A teenager who drove while under the influence of cannabis has been put on probation for 12 months and given a two-and-a-half year driving ban.

Talat Cemal Kilic was already on bail for being in charge of a vehicle while under the influence of cannabis when he committed the driving offence.

He pleaded guilty to both charges, as well as two others, of possessing cannabis and having a vehicle in a dangerous condition.

High Bailiff Jayne Hughes also ordered the 19-year-old to take an extended driving test at the end of his ban.

Prosecuting advocate Barry Swain told the court that Kilic, who lives at Queen’s Promenade in Douglas, was driving a white BMW on September 28, at 6.40pm.

He was parked at Marown playing fields when a member of the public called the police and reported a smell of cannabis.

Officers located Kilic’s BMW later, parked at Buck’s Road in Douglas.

He was seen getting into the driver’s seat and spoken to by officers.

A drug wipe test proved positive for cannabis and he was subsequently arrested and charged with being in charge of a vehicle while under the influence of the class B drug.

A sample of blood was taken at police headquarters which later produced a result of three.

The legal limit of cannabis is two.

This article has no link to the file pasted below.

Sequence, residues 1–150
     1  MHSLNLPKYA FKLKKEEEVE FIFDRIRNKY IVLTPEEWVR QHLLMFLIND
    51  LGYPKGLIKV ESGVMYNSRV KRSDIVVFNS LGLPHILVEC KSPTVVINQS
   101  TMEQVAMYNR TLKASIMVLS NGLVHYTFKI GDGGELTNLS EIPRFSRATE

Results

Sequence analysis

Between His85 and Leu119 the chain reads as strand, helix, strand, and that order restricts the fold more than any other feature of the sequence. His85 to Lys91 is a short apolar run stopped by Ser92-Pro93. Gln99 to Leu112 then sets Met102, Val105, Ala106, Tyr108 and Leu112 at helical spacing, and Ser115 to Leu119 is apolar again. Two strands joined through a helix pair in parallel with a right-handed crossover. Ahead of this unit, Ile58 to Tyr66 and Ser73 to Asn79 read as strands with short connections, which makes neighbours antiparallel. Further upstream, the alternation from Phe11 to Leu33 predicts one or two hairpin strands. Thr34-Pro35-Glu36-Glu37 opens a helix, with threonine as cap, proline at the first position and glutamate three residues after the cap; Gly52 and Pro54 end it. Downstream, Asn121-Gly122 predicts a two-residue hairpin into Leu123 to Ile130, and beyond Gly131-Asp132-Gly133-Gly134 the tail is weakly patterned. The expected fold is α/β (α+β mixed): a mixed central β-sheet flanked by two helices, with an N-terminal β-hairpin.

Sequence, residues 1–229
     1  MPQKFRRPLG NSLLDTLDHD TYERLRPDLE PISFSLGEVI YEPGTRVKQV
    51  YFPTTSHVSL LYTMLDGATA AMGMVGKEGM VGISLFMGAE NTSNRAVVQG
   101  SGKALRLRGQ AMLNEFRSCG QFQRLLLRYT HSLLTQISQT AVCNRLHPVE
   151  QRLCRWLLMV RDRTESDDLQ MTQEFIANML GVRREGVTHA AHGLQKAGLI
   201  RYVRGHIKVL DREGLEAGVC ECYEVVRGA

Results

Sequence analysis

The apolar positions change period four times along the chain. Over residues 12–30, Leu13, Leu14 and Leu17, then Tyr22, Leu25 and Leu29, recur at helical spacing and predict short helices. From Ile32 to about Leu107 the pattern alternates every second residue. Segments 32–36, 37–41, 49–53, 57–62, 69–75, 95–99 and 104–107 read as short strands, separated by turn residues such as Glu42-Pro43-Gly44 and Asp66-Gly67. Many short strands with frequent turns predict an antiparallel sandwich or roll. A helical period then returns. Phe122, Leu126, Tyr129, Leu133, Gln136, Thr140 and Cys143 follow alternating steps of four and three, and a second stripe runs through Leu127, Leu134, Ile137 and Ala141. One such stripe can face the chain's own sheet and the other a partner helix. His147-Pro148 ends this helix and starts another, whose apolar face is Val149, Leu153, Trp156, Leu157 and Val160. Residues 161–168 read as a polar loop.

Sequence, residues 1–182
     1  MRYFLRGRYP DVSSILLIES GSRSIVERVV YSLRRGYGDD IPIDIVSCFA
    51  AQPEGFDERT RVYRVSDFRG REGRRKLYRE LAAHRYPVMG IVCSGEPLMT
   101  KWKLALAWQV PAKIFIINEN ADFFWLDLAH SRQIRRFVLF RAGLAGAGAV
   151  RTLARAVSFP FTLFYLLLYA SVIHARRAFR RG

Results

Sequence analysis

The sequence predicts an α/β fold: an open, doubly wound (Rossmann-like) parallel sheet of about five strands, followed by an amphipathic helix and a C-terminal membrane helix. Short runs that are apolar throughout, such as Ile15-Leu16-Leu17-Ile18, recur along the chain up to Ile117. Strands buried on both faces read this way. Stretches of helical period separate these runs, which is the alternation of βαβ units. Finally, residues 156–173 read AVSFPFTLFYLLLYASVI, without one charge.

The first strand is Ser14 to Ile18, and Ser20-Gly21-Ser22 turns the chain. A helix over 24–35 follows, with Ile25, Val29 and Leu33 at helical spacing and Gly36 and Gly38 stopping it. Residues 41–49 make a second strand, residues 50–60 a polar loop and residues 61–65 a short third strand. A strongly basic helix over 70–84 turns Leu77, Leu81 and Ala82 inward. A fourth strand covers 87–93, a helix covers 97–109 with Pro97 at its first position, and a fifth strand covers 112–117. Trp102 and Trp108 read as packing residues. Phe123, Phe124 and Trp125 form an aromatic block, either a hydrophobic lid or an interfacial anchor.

While on police bail for that, Kilic was seen driving the same BMW in Ramsey on November 10, at 12.40am.

He was stopped at Ramsey Hairpin and officers reported a smell of cannabis coming from the car.

A drug wipe test proved positive for the drug.

Kilic told police he had just returned to the island from England.

A search of the BMW found a snap bag in the door compartment containing 51.4 grams of cannabis, valued by police at £293.

At police headquarters, a blood sample was taken which later produced a reading of 6.3.

The BMW was taken to the vehicle test centre and defects were found with all four tyres.

Kilic handed in a prepared statement to police, claiming that he did not know how the cannabis had got into the car, but that he had left the vehicle in a car park in Leeds for a time, as he had lost the car key.

A probation report said that Kilic said he struggled with anxiety and mental health issues, and had started using cannabis at age 17, initially for experimentation.

The report said that the teenager would benefit from some support and recommended a period of probation as the most appropriate sentence.

He was said to be in his first year at college, studying creative media.

Defence advocate Paul Rodgers asked for credit to be given for his client’s guilty pleas and said that the readings were not the highest.

Mr Rodgers urged the court to follow the recommendation of the probation report and said that the mandatory driving ban would be a punishment.

‘Mr Kilic has been highly embarrassed by these offences being in the newspaper,’ said the advocate.

‘That has caused him to re-evaluate his cannabis consumption.’

The High Bailiff also ordered Kilic to pay £125 prosecution costs by March 14.

She told the teenager: ‘You are clearly a creative person who has a good future if only you can grasp the opportunity.

‘The fewer people who drive with cannabis in their system, the better for everyone else on the island.’